The national media has credited the oil boom for the economic growth. The economic benefits of the energy boom have spread across the region, but there is more to the story. While the entire region trailed the nation in job growth until 2007, the region’s five largest metropolitan areas – Bismarck, Grand Forks, Fargo, Sioux Falls and Rapid City – were well ahead of the nation through the entire decade. Now containing 39 percent of the regional jobs, these five metropolitan areas beat the nation in job growth over the decade by 10 points, 15.8 to 5.8 percent.
Like Pittsburgh, these metros in the Northern Plains were headed in the right direction before workers started streaming in from all over the country to get at the oil. The talent shortage story there is much more than extraction related. All booms eventually bust. The same problems will remain:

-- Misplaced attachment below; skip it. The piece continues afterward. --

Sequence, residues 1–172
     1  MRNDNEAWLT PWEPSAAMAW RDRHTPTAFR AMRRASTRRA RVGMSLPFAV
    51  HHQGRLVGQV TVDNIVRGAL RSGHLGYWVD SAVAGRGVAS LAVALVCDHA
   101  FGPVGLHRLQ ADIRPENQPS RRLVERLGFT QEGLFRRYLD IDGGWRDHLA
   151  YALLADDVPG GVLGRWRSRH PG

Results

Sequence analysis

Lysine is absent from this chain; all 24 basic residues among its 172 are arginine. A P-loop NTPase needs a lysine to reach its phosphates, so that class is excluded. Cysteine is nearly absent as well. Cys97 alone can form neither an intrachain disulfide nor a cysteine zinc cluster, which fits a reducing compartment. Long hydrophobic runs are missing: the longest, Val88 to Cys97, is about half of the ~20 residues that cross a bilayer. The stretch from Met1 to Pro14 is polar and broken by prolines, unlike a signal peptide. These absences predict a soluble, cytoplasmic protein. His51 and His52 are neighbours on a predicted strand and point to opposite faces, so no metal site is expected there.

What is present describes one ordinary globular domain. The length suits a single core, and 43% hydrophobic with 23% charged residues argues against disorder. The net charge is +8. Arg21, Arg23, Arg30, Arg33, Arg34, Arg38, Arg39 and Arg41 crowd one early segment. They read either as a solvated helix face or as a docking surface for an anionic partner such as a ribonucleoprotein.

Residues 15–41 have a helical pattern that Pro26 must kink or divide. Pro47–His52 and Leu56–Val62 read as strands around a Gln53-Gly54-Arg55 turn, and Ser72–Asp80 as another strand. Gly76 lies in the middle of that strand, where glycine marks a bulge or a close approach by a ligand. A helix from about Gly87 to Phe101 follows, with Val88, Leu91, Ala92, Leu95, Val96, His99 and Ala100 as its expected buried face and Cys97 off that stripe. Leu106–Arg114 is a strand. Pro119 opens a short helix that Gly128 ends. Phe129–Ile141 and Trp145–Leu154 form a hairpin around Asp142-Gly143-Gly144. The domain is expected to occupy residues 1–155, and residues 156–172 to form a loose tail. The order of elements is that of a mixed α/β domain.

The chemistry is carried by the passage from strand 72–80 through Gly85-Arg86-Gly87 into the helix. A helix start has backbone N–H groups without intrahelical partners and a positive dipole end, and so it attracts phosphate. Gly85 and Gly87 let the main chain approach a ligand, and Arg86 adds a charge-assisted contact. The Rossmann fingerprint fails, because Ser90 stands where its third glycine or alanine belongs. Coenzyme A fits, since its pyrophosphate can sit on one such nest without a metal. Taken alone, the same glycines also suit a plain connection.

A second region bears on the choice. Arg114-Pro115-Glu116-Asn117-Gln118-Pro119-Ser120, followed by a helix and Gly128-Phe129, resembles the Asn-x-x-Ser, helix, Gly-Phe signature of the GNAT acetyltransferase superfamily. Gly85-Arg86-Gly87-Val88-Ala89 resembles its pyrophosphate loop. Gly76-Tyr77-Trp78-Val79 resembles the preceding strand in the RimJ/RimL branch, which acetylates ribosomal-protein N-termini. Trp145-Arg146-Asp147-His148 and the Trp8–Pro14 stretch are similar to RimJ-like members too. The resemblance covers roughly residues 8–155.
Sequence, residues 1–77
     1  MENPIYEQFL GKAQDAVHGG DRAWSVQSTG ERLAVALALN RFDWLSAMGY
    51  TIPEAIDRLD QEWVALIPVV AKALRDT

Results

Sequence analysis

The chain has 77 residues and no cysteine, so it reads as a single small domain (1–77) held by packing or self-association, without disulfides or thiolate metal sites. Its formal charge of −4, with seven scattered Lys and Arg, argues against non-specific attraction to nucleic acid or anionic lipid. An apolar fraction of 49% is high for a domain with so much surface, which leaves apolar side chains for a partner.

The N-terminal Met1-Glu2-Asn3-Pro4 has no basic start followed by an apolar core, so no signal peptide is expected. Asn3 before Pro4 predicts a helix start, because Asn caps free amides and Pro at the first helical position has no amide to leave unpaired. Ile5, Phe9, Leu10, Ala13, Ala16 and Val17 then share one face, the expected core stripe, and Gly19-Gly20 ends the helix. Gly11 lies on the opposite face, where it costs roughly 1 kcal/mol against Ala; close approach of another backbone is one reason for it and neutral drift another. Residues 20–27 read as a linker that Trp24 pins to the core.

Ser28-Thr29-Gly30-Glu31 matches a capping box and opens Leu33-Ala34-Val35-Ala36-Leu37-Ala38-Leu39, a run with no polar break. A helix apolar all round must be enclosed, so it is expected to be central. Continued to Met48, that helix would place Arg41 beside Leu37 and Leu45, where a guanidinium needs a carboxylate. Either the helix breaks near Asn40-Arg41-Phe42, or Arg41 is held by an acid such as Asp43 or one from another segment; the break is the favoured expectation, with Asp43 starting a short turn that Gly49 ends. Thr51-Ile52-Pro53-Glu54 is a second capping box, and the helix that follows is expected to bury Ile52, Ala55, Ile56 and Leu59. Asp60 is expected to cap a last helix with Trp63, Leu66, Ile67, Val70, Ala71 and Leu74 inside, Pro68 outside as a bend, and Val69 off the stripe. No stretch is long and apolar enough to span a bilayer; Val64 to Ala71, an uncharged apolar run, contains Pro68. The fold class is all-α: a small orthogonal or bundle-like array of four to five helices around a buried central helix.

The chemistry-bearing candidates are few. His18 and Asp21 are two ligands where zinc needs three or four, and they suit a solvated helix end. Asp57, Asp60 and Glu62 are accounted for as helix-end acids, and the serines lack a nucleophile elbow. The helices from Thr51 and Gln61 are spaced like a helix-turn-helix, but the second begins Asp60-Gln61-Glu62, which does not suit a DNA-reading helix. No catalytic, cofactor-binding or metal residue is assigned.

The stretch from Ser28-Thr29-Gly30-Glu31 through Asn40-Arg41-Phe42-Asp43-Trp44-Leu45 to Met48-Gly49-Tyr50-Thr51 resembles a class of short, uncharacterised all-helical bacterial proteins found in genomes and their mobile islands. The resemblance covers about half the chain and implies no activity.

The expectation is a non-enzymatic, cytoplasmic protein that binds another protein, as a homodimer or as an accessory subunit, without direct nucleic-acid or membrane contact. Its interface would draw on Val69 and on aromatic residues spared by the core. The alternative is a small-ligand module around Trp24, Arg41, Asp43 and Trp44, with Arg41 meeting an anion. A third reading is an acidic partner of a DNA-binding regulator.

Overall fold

Ultimately, the talent narrative in the region needs to shift away from “retaining our young people” towards recruitment of young families. Demographic data confirms the greatest shortage across the region is those age 35 - 44, and employers are reporting troubles recruiting mid-career professionals. Migration data shows that the net loss from North and South Dakota to the Minneapolis region has stopped in the past two years. The Prairie Business region is showing signs of turning the economic and demographic corner. It is now time to act to sustain the region’s long-term future.
Emphasis added. The brain drain hysteria has a lot in common with the energy jobs boom hyperbole. Both make for great political sound bites. Before shale gas, Pittsburgh was Shittsburgh. Everyone was leaving town. Before shale oil, North Dakota was a frozen wasteland where people talked funny. No one would move there. Mesofacts continue to hold both regions back.